When I sixteen years old, I disregarded the religion and church that I was raised in.  I hated the rules, the regulations, the chains that the church placed upon my life, and decided if that was God, I wanted nothing to do with Him.  I denied there was a God, and that He was just some big, cruel, coldhearted joke.  The words pain me to now to realize how reckless I was.  How easily I walked outside of his protection and love all for the sake of me.  I was involved with a boy that none of my family, friends or church approved.  I ran away to be with him, and am incredibly thankful God's protective hand followed me.  Even after I denied Him, offended Him, walked away from Him, He danced all over me.  I don't feel the need to go into specific details, but His hand covered drunkenness, sexual immorality, a very unplanned pregnancy and the horrifying miscarriage that ended it.  This thought rages within me, that God used for good what the enemy intended to take me down with.  When I think back about things my 17-18 year old body was walking through, I have no doubt in my mind that God was there, even in my disobedience and refusal to accept Him.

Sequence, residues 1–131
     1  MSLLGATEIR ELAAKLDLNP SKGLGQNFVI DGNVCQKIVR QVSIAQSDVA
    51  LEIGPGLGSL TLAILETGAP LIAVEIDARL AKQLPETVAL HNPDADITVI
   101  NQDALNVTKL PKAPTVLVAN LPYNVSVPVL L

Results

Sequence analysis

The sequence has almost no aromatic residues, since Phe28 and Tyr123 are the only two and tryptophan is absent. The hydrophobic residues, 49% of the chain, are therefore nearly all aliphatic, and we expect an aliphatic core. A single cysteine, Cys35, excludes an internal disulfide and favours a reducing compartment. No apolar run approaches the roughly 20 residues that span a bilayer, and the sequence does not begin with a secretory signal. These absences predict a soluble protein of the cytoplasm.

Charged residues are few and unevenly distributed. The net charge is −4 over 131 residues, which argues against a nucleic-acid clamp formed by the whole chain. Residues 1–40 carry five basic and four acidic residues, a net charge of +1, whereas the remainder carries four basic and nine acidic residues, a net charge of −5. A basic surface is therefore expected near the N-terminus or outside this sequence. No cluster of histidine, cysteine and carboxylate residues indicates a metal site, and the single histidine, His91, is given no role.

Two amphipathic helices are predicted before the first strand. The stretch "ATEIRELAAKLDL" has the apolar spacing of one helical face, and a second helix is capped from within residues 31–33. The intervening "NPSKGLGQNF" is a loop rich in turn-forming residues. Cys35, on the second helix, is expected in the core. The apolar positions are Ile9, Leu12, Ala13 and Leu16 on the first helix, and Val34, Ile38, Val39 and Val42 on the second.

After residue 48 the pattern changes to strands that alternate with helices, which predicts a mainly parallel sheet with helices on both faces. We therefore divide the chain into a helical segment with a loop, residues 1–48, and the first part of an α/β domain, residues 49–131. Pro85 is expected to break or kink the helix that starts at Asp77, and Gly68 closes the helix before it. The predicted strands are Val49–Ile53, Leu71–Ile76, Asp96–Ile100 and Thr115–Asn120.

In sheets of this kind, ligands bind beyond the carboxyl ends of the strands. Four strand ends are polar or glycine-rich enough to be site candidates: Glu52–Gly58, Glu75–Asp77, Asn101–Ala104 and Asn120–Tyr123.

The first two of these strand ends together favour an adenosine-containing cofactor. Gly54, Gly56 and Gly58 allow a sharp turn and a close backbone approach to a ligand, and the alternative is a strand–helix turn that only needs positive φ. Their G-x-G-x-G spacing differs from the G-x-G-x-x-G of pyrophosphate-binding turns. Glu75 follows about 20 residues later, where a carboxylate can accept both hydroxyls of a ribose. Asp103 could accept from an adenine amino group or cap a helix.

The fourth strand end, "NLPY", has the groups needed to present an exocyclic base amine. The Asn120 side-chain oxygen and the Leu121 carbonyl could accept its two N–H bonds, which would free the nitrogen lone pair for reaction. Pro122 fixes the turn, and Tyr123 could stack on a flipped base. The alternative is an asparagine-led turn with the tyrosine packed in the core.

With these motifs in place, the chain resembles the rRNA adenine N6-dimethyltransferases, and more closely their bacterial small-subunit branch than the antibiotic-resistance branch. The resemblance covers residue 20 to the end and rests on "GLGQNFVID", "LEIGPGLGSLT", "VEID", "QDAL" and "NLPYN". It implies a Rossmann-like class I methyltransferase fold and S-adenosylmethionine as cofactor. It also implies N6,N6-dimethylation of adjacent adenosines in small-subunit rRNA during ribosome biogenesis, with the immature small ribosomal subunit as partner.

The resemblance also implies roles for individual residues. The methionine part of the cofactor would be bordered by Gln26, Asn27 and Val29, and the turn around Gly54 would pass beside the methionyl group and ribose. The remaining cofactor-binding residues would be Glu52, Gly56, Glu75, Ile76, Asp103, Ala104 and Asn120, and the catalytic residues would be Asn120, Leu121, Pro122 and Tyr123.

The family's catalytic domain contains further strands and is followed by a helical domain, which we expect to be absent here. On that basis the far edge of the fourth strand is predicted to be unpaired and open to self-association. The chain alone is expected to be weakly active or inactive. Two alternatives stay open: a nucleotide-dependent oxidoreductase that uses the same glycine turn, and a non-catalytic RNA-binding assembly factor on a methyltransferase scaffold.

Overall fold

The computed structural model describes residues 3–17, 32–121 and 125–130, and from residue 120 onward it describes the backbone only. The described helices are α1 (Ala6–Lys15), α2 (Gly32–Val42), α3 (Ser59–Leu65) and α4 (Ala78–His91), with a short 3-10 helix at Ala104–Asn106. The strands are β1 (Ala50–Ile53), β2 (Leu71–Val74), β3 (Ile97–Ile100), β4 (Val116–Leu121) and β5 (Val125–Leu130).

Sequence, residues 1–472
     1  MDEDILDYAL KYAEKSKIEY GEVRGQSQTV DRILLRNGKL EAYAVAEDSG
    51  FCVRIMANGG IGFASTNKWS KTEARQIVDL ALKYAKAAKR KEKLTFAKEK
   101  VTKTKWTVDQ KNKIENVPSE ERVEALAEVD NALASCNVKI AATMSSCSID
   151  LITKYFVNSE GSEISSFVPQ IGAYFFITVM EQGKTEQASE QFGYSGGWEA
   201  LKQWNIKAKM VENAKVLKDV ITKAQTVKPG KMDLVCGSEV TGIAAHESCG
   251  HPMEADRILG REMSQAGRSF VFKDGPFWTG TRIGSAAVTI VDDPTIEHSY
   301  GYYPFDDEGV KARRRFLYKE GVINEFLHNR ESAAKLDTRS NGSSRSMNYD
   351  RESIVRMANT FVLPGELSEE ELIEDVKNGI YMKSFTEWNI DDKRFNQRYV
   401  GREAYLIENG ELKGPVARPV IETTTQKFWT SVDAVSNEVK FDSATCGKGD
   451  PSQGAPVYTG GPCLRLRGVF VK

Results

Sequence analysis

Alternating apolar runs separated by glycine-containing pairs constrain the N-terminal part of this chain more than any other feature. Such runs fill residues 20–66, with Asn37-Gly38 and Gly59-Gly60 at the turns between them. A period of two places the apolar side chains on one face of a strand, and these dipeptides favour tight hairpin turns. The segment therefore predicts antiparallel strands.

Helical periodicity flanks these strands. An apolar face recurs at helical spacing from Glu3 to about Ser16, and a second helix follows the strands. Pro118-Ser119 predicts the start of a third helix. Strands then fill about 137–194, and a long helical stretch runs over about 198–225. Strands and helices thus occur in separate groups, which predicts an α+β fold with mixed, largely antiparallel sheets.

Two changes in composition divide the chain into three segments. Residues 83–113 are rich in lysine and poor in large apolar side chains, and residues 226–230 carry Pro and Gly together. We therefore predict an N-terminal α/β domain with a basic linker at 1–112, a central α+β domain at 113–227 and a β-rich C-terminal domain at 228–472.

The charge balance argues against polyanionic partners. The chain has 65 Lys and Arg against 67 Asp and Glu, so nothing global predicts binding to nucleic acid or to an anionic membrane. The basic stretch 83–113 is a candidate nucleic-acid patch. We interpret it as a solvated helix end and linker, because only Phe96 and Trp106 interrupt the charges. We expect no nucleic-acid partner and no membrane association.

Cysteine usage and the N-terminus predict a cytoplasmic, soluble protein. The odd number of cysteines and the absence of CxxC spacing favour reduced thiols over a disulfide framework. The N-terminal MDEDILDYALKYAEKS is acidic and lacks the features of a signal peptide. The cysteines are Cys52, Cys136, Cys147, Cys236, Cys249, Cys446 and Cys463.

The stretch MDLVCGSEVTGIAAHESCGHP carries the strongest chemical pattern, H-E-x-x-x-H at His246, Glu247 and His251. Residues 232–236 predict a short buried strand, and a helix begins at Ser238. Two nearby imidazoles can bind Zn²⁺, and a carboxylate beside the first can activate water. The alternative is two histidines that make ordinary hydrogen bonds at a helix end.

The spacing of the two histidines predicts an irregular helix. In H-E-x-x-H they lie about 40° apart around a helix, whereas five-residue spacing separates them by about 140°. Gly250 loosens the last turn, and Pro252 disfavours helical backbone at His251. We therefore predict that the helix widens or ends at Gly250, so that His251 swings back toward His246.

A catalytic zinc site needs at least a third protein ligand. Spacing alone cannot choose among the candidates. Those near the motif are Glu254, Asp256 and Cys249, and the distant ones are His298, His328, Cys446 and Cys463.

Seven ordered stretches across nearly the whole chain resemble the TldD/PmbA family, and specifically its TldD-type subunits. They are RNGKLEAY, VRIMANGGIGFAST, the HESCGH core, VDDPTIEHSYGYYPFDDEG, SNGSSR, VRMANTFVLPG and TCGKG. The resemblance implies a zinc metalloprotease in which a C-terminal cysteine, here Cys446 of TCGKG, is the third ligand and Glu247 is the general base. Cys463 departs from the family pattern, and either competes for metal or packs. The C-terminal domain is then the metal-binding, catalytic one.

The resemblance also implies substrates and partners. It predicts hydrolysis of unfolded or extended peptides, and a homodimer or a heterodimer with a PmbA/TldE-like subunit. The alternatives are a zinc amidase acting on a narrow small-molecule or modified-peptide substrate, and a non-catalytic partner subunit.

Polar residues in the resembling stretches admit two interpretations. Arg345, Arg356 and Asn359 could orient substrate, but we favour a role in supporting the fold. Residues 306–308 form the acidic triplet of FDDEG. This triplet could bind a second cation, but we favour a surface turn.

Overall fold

I got married at the very young age of 18.  I knew then, deep down, that I was not doing what I was supposed to be doing, but really thought love could fix it all.  You know, that fairy tale we all think marriage and happily ever after is.  At that point in my life, I had suffered a miscarriage at 14 weeks gestation, physical and emotional abuse, and the reality that there was nothing I could do to fix it but get married.  I did love him.  And, deep down, I know he loved me the best way he knew how to.